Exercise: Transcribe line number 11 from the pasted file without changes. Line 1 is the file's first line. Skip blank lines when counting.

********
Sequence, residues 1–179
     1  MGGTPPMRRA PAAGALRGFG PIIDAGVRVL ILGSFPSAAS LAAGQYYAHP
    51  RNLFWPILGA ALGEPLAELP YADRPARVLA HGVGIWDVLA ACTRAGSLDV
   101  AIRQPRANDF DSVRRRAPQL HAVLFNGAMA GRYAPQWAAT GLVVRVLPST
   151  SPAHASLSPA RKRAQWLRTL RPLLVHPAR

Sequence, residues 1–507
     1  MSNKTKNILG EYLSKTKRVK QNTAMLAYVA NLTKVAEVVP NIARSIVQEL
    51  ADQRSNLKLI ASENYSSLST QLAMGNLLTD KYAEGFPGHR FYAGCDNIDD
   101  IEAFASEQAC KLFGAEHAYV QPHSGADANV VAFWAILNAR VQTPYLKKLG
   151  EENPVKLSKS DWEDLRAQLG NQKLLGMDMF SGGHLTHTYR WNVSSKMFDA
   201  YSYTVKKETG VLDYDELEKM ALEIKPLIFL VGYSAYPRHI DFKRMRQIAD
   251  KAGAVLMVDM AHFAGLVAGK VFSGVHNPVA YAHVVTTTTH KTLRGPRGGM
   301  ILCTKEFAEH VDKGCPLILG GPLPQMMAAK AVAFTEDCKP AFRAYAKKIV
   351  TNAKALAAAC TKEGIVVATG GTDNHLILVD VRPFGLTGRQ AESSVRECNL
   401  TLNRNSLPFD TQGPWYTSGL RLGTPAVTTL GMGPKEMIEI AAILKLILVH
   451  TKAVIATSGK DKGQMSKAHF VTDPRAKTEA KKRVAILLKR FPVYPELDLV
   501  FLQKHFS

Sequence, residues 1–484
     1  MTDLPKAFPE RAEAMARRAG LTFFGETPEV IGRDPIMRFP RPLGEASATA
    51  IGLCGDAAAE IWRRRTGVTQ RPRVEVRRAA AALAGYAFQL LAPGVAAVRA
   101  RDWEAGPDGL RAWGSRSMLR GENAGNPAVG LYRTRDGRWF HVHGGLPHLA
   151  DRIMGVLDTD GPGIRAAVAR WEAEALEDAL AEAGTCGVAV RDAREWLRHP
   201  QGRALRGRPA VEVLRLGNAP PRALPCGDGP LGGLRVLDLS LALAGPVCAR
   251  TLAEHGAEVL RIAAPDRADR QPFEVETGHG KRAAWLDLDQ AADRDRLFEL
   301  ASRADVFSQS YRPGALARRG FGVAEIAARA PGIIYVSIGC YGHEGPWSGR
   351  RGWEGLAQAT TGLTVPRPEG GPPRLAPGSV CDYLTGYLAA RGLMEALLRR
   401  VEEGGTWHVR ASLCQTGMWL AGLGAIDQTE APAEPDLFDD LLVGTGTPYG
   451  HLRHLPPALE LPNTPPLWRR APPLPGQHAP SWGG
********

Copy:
   201  YSYTVKKETG VLDYDELEKM ALEIKPLIFL VGYSAYPRHI DFKRMRQIAD